It’s interesting—beyond interesting actually—that projectivists, who were so obsessive in their prescription of the line as a score for speech*, turn out also to be obsessive in replicating a certain stage of the work itself, the typed draft. Duncan of course published other works in holograph, albeit (as with Phil Whalen) a performative holograph rather than a notational scrawl. As I noted then, platform independence strikes me as a fundamental feature of the best poetry (and, alas, lots of not the best poetry as well). These kinds of self-limiting circumstances are a poet’s prerogative, of course. It would be tragic if people fail to respond to Eigner’s larger canon not because of what’s in it, but rather due to a typesetting decision. Having once seen an Eigner poem mounted in letters a few feet high on the outer walls of the Berkeley Art Museum, I’m convinced that platform independence – which can be achieved by a non-intrusive typeface – would be the way to go.





* Eigner’s own speech skills were minimal due to cerebral palsy. They improved markedly during the years he lived in Berkeley, when he had to interact with many different people every day, but never were fluid.

Wednesday, October 08, 2003


Tim Peterson sent me an email on the Boston question(s) as well, which, after asking his permission, I posted only to find a second email telling me that he’d changed his mind, so I took it down – the ghost blog effect, I guess. But one thing that Tim’s email did was make me realize that I needed to be more clear in my use of the term tiering to describe literary scenes.


I have what I would call a loose structural definition of tiering. A first tier metro – and as I noted, I see only two in the U.S. – is so active & diverse that the loss of one or more major poetry institutions would not cause the scene itself to dissipate. If, for example, San Francisco were to lose the impact of the writing program at San Francisco State or New College or Small Press Traffic or Small Press Distribution, the scene itself would survive largely in tact. The same goes for New York if, say, the Poetry Project were to close up shop. Even though each would be a true loss – and the demise of SPD would have national, maybe even global implications – the poetry scene of the community is not dependent upon it.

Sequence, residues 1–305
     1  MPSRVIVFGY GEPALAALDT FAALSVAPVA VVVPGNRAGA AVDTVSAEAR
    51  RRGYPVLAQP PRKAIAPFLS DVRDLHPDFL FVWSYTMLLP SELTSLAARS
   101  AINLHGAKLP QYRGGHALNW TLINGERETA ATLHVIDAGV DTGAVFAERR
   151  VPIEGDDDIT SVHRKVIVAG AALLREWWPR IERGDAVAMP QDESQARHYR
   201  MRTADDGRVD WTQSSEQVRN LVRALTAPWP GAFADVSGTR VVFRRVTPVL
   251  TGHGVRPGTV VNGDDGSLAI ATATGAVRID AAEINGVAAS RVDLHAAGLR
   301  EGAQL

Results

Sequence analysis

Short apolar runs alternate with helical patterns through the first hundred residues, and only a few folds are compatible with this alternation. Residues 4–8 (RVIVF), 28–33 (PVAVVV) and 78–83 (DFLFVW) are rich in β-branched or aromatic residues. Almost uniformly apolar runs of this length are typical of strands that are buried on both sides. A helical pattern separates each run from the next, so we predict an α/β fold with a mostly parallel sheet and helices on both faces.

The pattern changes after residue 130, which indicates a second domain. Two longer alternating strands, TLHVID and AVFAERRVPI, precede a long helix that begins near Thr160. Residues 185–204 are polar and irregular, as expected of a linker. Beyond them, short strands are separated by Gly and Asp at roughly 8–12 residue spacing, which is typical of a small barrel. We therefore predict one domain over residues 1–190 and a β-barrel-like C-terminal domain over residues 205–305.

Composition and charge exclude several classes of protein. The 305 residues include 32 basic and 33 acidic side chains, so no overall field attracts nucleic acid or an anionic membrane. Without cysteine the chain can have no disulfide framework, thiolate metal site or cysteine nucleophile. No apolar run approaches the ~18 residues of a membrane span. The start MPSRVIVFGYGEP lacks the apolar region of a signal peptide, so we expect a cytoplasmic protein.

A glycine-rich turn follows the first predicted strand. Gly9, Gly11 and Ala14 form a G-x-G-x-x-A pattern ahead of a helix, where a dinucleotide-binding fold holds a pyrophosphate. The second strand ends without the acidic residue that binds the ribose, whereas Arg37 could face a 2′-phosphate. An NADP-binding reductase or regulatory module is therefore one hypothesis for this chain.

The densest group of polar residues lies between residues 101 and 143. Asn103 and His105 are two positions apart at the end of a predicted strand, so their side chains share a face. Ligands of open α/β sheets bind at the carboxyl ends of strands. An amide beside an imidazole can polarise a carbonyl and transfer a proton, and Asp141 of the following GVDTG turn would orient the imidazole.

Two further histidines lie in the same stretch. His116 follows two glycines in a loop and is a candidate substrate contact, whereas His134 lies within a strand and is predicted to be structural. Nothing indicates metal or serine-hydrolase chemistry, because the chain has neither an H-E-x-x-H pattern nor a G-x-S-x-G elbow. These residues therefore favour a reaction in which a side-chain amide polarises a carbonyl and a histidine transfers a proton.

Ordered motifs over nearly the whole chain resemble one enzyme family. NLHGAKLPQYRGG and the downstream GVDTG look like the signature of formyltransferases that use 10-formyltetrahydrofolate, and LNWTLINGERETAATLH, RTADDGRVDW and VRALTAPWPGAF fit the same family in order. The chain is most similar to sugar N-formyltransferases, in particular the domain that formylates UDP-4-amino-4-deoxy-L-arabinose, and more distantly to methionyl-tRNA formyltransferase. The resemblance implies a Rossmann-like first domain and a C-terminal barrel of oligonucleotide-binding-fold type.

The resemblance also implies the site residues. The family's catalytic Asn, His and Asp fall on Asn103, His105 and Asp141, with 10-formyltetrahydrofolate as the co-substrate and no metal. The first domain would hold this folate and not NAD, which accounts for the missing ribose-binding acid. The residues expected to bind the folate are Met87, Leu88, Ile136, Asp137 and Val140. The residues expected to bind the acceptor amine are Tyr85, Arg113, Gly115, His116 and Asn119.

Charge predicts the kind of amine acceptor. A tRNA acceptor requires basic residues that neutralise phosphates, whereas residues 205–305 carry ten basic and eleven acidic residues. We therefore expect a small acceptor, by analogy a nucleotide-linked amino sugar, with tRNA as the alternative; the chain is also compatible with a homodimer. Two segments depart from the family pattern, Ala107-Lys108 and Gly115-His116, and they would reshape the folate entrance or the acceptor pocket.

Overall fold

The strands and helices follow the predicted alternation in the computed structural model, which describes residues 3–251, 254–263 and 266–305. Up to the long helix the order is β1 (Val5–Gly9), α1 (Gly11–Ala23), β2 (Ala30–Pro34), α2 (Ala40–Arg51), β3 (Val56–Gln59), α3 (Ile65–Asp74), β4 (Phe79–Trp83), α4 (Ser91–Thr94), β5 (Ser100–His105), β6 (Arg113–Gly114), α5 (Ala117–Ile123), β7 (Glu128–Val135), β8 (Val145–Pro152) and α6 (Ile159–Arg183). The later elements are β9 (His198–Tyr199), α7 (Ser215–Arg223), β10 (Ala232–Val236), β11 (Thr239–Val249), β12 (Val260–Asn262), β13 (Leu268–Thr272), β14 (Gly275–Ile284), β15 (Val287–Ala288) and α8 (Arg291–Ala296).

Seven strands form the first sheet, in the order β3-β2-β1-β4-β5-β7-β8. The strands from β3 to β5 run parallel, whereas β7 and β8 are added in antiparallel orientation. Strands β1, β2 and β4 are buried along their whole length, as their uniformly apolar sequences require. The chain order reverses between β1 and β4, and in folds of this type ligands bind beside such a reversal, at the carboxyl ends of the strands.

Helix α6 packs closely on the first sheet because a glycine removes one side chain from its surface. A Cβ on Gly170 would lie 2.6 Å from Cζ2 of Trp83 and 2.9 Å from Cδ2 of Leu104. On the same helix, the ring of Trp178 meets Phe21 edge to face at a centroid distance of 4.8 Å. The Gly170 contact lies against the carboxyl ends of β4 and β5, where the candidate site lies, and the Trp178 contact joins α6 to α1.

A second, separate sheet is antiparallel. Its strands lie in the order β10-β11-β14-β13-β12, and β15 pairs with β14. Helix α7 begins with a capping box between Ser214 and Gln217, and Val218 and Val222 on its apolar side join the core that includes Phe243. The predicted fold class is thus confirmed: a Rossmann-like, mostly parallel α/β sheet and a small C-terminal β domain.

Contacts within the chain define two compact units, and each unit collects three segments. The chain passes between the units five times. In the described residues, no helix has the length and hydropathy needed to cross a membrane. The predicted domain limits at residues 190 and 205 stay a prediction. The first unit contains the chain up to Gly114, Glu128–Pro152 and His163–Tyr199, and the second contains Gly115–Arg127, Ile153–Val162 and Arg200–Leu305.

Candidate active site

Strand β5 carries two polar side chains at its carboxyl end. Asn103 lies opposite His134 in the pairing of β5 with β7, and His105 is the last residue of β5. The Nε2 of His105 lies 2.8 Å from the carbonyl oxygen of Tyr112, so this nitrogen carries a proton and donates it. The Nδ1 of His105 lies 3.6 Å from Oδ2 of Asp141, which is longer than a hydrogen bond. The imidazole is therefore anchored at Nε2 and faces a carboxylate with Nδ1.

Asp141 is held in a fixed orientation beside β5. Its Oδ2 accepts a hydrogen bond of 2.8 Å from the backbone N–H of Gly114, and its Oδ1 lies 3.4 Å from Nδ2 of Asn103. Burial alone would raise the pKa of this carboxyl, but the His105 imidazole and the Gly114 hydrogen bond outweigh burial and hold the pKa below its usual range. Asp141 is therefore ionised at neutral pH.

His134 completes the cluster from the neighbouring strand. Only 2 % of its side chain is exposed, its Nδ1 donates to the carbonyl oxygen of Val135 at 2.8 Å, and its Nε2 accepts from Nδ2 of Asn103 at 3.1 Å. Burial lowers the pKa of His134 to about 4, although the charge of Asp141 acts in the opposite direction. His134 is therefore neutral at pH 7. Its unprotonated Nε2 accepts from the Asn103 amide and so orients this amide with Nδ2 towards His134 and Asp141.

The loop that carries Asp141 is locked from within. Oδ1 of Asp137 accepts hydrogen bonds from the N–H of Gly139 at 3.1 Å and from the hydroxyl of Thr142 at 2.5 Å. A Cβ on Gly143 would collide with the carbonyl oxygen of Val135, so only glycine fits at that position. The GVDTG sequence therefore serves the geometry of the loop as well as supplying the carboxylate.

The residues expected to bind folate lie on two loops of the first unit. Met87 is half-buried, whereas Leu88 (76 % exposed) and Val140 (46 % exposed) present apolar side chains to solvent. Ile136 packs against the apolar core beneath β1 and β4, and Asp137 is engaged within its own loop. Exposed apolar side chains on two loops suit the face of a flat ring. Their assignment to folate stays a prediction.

Most typically, second tier scenes can be nearly as lively as first tier ones, but tend to be much more dependent on one or two institutions without which they could not thrive. The writing program at UC San Diego, the Writers Workshop in Iowa City, Kelly Writers House & the writing program at Temple in Philadelphia are essential to those literary scenes. Interestingly – perhaps even counterintuitively – American Poetry Review is not such a player in Philly. Rather like City Lights in San Francisco, it has a big reputation & very little real impact.


But there are other second-tier scenes, or maybe I should say scenes that I would group with the institutionally dependent ones above that seem not to have a single dominant local institution, & generally seem to survive without one. Washington & Boston both would seem to be examples of this. There aren’t as many events going on as in New York or the Bay Areas, metros in which 150 readings in one month – five a night – is not an unusual figure. It’s always possible, for example, that a single person can substitute for a necessary institution – Bill Corbett seems to in Boston &, at one point in its history Kenneth Rexroth did likewise for SF. But it’s one of those literature-as-sociology questions worth exploring further.

Monday, October 06, 2003


Aaron Tieger, the editor of Carve & himself a blogger, sent me the following email that, among other things, contrasts the reading style of poets in Boston with those in (or from) New York.




I'm never sure whether to use the comment box or email (or my own blog) to respond to blogs, so I'll send you this and if you feel like posting any of it then do so, and if not, then do not.


First, thanks for the CARVE mention. Boston IS a hub of Quietude (or suckitude, however one wants to call it), as well as home to a pretty vibrant performance scene (more suckitude, in my largely uninformed opinion). However, despite my own and others' occasional moaning about the size of our side of the scene, the interesting-poetry scene is pretty tightly knit and fairly active. I haven't quite pondered the ratio of activity-to-presence (that is, do "we" do more or less than the other poets given our numbers and things) but I feel like we do alright. CARVE is a way for those of us in the "I don't care where you went to school" scene to get ourselves "out there" a bit more.